One of the hardest things to determine in a processor is the real-world power consumption. That’s doubly true for Intel’s latest 10th Gen CPUs. While the marketed TDP is usually around 95-125W, under load, most high-end chips consume as much as 225W. The 10th Gen processors take it to another level, with the Core i9-10900K drawing as much as 260W under load while the Core i7-10700K can go as high as 229W. In comparison, AMD’s Ryzen 9 3900X and 3700X are limited to under 150W and 90W, respectively. So why do Intel’s high-end processors draw so much power and what exactly is the power management profile of these chips like?
For starters, you should know that this isn’t an anomaly or malfunction. The spec TDP of Intel CPUs pertains to the power draw at stock frequencies. When the CPUs boost to higher “Turbo Frequencies”, the power draw increases considerably. This power state or profile is called PL2 (Power Level 2) while the stock (marketed) power state is called PL1.
Then there’s Tau which determines how long will your chip stay at the boosted “PL2” state. When you first boot your PC, the CPU power limits will be set to PL2, much higher than the spec PL1 limits. Depending upon the load, your processor will engage one or more cores and boost to the rated Turbo Frequency. In most single to quad-threaded applications, the CPU power draw will stay under PL2 despite reaching the maximum Turbo Boost frequency.
However, when you’re running a more intensive multi-threaded application, say Cinebench or 7-zip, all your CPU cores will kick into action. In such a scenario, the power draw will quickly soar up to the PL2 limit and the processor will reduce the all-core frequency to keep the power draw in check.
Under standard conditions, the processor would adhere to the PL2 power state and the accompanying boost frequency for a duration “Tau”, usually 56 seconds, and then return to PL1 (stock), thereby reducing the clock speed to the base frequency. This would continue till the intensive workload is completed and the CPU returns to idle. After that, it’d return to PL2 power limits and repeat the above-explained behavior.
However, for better or for worse, Intel doesn’t enforce the PL2 and Tau values, and motherboard vendors are free to set them as they choose in the firmware. As such, most high-end Z series motherboards have a PL2 and Tau values much higher than the ones prescribed by Intel. For example, the Core i9-9900K has a PL2 value of 119W, but most OEMs set it as high as 160 or 180W while making Tau infinite.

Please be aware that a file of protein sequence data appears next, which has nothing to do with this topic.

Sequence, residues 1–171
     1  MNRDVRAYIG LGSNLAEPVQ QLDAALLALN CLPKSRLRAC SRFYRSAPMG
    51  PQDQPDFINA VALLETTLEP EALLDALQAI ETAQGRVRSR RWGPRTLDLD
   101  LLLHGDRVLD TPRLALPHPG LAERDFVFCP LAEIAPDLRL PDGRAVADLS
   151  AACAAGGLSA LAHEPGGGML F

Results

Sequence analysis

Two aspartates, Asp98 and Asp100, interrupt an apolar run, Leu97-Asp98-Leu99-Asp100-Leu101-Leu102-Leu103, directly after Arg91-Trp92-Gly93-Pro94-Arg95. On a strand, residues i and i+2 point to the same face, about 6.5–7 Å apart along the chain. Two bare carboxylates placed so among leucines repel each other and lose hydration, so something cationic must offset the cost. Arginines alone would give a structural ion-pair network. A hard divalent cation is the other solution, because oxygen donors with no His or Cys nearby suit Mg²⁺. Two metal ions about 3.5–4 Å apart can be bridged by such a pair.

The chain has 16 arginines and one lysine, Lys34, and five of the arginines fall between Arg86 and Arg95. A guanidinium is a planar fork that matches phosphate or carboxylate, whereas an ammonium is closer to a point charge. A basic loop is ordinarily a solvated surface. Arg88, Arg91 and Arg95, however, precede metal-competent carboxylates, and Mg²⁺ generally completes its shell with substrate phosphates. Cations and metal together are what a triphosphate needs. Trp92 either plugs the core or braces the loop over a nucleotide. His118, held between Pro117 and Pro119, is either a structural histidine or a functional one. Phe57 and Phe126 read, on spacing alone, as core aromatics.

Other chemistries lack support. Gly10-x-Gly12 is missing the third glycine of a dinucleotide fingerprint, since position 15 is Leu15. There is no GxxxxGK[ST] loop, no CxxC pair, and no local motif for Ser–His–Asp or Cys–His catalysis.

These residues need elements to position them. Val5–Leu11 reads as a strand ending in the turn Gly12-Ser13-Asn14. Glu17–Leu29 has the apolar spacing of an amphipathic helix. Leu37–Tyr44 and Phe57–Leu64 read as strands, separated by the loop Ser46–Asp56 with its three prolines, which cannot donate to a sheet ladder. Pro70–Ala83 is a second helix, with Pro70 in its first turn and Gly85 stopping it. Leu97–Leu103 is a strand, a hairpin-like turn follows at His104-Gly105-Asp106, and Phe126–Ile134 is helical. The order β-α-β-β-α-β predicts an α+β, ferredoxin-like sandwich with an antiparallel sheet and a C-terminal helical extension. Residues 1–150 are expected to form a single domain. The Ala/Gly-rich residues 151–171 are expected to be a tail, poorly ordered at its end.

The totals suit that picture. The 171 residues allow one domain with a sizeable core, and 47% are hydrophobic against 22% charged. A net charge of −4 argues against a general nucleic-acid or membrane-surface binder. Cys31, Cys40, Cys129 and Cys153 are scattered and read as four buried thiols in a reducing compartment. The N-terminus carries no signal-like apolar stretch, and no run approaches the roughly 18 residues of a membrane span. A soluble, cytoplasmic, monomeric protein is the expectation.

Therefore, if you’re running a high-end K series processor on a Z490 motherboard, chances are that it won’t adhere to the Intel recommended values of PL2 and Tau. In most cases, your CPU will run at the maximum Turbo Boost clock (PL2 power state) for infinity or as long as the thermals allow it (while ignoring the Tau time limit).
While this may seem like an easy way to boost performance, it makes it hard to standardize the TDP and compare the efficiency/power draw across different systems.
|10th Gen Processor||PL1 Power (W)||PL2 Power (W)||Tau (Seconds)|
|Core i5-10600, Core i5-10500, Core i5-10400||65||134||28|
|Core i3-10320, Core i3-10300, Core i3-10100||65||90||28|
|Pentium Gold 6500, Pentium Gold 6400, Celeron G5920, Celeron G5900||58||58||28|
|Pentium Gold G6500T, Pentium Gold G6400T, Celeron 5900T||35||42||28|
The reason why motherboard vendors do it is rather straightforward: To get ahead of the competition. They include multiple-phase VRMs on their flagship offerings with 10+ power phases, thereby safely increasing the PL2 power draw and allowing the processors to boost to the max frequency, indefinitely.
As long as you’re not hitting the thermal limits, this means most high-end Intel processors will draw a lot more power than spec and boost to Turbo frequencies much more often and for longer. It’s only in notebooks and handheld devices where the thermals and battery life are a concern that the Intel recommended PL2 and Tau values are enforced by OEMs. In the desktop space, it’s all fair game.